Sowgandhika Krishnan, together with her friend, Tripti Abhijatha, traipsed along on a hot and humid Friday evening for an Indian meal, and Restaurant Swaad it was! 

As you walk along Uetlibergstrasse, the nondescript orange building and the humble ‘Restaurant Swaad’ banner do not attract the eye, but on the inside, the restaurant tells a different story – a lip-smacking food experience that leaves you wanting more. 


The bright blue chest of drawers at the entrance, the lovely collection of Buddhas on the special shelf, and the well-selected row of Jharoka paintings on the walls spoke of a completely different world within the orange building. Greeted by the soft-spoken and demure Amandeep Kaur with Swaad masala lemon wasser, which came as a relief in the hot weather, our evening couldn’t have started better.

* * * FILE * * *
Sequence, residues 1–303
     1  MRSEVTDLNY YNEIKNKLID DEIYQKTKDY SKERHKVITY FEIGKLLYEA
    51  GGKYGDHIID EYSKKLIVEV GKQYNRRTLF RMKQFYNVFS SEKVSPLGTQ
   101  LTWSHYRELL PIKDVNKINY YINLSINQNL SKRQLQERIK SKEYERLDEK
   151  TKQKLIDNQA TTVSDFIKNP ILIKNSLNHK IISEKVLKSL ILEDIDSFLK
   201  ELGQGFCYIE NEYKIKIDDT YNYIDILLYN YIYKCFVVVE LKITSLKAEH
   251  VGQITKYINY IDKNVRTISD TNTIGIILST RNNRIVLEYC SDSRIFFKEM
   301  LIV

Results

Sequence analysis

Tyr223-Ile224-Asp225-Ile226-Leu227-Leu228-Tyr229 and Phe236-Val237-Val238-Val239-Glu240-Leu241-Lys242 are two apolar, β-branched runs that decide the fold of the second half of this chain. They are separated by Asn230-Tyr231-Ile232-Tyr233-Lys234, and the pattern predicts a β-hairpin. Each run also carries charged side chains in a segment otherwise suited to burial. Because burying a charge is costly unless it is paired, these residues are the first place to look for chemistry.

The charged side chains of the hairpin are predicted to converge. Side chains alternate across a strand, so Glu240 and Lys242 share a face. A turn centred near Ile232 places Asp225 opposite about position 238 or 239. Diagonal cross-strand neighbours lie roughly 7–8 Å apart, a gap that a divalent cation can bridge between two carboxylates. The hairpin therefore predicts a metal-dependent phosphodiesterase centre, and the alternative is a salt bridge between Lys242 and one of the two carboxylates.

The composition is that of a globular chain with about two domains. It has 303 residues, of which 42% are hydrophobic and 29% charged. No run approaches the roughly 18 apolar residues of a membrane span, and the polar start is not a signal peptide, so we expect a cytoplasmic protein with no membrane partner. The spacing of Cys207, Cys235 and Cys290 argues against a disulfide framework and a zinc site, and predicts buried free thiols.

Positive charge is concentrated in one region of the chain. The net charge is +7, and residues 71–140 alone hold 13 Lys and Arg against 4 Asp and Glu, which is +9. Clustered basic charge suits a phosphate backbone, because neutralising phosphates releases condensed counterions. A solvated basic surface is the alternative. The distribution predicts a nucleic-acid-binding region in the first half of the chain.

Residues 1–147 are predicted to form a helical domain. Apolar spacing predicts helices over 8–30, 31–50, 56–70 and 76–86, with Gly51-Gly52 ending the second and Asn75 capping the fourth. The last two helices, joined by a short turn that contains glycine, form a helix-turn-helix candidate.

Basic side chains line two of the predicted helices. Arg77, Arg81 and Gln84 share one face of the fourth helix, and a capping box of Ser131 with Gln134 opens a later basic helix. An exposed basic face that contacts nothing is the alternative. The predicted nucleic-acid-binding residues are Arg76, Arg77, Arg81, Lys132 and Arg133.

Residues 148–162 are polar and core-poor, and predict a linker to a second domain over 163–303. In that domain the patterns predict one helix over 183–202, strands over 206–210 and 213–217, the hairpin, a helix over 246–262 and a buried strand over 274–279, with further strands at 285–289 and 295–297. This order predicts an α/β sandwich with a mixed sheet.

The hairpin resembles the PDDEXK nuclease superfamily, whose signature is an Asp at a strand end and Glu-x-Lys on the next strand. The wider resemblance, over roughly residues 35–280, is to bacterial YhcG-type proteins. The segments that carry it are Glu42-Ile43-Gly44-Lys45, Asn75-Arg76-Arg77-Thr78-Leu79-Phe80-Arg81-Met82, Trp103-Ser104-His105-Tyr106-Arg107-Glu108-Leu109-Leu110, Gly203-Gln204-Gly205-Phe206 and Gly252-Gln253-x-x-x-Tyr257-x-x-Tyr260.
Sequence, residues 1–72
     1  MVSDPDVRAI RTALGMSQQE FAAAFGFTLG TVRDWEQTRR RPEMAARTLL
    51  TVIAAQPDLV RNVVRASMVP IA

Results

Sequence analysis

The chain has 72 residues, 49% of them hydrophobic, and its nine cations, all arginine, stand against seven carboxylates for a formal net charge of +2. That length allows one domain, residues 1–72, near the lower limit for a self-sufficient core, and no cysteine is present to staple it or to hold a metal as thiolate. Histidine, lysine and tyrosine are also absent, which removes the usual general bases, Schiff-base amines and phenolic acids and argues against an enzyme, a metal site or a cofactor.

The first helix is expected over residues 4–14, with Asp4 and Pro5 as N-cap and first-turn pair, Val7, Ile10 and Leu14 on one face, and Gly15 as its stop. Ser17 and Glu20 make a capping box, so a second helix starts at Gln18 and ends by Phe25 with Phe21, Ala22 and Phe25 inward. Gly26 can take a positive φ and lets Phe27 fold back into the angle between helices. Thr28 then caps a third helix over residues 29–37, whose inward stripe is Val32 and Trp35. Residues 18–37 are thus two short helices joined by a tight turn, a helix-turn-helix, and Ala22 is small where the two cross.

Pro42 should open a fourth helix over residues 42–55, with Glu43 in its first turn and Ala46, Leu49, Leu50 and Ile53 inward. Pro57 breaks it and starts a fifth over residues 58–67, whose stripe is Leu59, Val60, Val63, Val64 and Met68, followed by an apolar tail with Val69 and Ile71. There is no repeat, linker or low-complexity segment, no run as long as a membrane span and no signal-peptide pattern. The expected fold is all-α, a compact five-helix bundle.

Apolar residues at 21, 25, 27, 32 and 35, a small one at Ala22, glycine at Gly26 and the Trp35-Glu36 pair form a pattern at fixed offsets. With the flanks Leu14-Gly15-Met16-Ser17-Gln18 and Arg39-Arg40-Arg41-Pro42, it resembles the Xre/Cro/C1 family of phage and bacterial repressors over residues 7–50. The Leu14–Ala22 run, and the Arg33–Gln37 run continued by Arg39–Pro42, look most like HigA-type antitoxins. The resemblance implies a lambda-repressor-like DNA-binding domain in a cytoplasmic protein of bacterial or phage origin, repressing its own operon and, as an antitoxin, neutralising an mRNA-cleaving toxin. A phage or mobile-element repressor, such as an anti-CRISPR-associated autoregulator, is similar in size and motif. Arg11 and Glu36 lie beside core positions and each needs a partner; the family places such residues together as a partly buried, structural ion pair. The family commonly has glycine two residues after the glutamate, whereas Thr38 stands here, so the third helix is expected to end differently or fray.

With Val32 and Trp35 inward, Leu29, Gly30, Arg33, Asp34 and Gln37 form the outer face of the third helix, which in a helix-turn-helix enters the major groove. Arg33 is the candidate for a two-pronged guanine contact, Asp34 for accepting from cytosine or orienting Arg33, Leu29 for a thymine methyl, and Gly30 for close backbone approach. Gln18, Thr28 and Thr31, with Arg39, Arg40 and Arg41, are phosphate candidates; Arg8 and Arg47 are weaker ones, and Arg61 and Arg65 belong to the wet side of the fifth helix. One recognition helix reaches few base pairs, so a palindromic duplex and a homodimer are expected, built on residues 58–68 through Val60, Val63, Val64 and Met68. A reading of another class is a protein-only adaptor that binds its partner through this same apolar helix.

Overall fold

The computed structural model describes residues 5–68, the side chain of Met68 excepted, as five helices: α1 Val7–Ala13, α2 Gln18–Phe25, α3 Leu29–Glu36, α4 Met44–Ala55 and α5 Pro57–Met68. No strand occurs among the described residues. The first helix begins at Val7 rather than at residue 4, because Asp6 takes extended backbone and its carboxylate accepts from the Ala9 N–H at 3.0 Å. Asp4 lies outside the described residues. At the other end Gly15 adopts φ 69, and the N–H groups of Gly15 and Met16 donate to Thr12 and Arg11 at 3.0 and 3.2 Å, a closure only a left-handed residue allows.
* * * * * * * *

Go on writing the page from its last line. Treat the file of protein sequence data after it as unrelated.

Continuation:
A few groups who were busy ‘meeting up’ at the nearby tables and a couple of other diners kept our hosts on their feet, and that gave us a lot of time to look around the place and the menu, click pics and relish the starters. 

Food and Drinks – What we liked and would order again

First up on offer in the starters was dahi bhalla, followed by a combo of Samosa (a popular Swiss favorite), aloo tikki  and dal vada.  Our pecking order was: Samosa first (yes! We are becoming truly Swiss), aloo tikki and dahi bhalla next, followed by the dal vada.